Where He's Been, Part 1

Sep 19,2012

Dear Reader, I'm back after two weeks away and a long, long flight and a moderately long bus ride back to Tottori. I've heard the best way to avoid jet lag is to stay awake during the entire flight and then just go to bed whenever it's night in the country where you arrive. No problem, I say: the flight, for me, is eleven hours of sheer abject terror. Why isn't everyone afraid of heights, and especially of airplanes? Shouldn't it be instinctive? Or do they know something I don't? Why doesn't a wing come off in mid-air, or the floor fall through and drop us to our deaths, or all electronic systems fail and bring the machine down into the ocean, or the engine catch fire and make us all explode into a firey mess, or the captain and co-pilot both wack out and decide to try taking the plane into outer space? Any of those things happening seems infinitely more likely than the fact that I'm still alive and sitting here typing this right now. Of course it's not rational, but fears rarely are. John Allen Paulos, in his helpful book Innumeracy, pointed out that hour-for-hour, we're equally likely ('actually equally unlikely') to die in a car than an airplane, but that more people die in car accidents because we spend more time in cars. Ship accidents are more likely, he demonstrates, water being much more dangerous than people realise, and yet I'm rarely happier than when aboard a ship, and rarely more afraid than on an airplane.

I didn't take these pictures. I didn't even look out the window.

After we touched down in Osaka I hugged my wife and told her how glad I was that we don't have to get aboard another airplane for another two years. But then we had a long bus ride back to Tottori, and the bus kept going over these really high bridges over deep water. Hadn't we had enough of that, I wondered. I finally started to doze off, and every time I woke up in hypnopomic state I thought for a moment that we were still up in the air and never coming down.

But at last, late last night, we made it back home to Yoshinari, showered and slept, and, with the exception of about an hour in the middle of the night, slept until morning and got ready for work. Here I am now, ready to relate my mundane observations for the trip.

With my father and bride, somewhere in New Jersey

The purpose of the trip was to have the closest thing to a marriage ceremony we deigned to have, neither of us wanting any of the trappings of traditional wedddings. At the same time, I wanted to introduce her to my family and to the United States (as represented by each coast), where everything is big. And exciting. And as a very wise man once said bigger isn't always betterer. Actually, there were some things that were awesome, but I'm really glad to be back on solid ground and eating home-cooked, naturally tasty food. That's not to say that Manhattan doesn't have many great restaurants--it certainly has, and we were privileged to have dined in several of them--but the food is just, well, different.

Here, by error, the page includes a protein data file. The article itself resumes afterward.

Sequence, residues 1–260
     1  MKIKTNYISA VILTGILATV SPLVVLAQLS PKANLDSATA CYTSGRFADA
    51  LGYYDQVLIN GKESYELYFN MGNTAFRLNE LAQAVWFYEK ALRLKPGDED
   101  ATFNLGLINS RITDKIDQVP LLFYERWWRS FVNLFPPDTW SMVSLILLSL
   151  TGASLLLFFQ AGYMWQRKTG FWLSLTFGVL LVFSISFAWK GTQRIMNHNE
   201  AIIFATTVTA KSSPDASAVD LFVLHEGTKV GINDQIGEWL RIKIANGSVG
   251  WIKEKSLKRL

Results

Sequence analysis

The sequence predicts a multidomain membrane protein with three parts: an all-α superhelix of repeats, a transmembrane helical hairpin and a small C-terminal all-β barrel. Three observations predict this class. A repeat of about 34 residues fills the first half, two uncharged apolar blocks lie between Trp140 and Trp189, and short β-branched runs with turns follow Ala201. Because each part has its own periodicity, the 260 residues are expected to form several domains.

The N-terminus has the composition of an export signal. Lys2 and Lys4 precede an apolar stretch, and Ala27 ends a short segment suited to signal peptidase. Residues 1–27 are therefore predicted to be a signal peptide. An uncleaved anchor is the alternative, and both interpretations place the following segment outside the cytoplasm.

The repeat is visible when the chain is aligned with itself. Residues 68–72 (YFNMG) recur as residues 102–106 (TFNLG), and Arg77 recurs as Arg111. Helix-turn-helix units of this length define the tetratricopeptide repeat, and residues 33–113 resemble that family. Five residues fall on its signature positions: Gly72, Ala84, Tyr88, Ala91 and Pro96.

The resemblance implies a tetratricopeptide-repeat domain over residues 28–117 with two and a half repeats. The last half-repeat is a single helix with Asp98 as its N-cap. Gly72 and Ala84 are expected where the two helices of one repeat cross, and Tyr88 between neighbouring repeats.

The Borgeois Pig in Manhattan has some excellent cheese fondue.

For one thing, the vegetables aren't as tasty and don't seem as nutrient-dense as here. It probably has something to do with soil quality and mass production on a giant scale. The first food shock we had was in a pancake house, where I wanted to introduce my bride to a classic American tradition, but the egg yolks were a strange colour. They weren't a rich orange like eggs in Japan, but a pale, sickly, almost florescent yellow. I already knew that it's dangerous to eat them raw and that they have very little flavour, but I'd forgotten about the colour.

Then there was the portion sizes. Weak coffee ('sock juice') is served in bowls and cold drinks come in buckets. Of course, you say, everyone knows that American portions are huge. But there were so many things we wanted to try. Eventually we got used to ordering on entree to split between the two of us, and even that was often too much food and too little satisfaction. Surprizingly, I don't seem to have gained any weight.

Typical diner fare: pastrami with what looks like arugula and some weird cheese

On the other hand, there is one thing that America does really, really well, and that is cakes and cookies. I didn't take any pictures of any of these because they aren't much to look at, by the taste is amazing. I ate as much of that stuff as I could, and now I'm sick of sweets--appropriately, since I'm back to being as strict as I was before I left and wouldn't be able to get anything but second-rate sweets in Tottori anyway. If one has to be strict, it's good to be in a place where the vegetables and eggs are superior to the sweets, I suppose.

Now that that's out of the way, the relating of anecdotes and observations from Millbrae, Manhattan, Brooklyn, New Jersey, Woodstock, and the San Francisco Bay will take at least one more post if not more.

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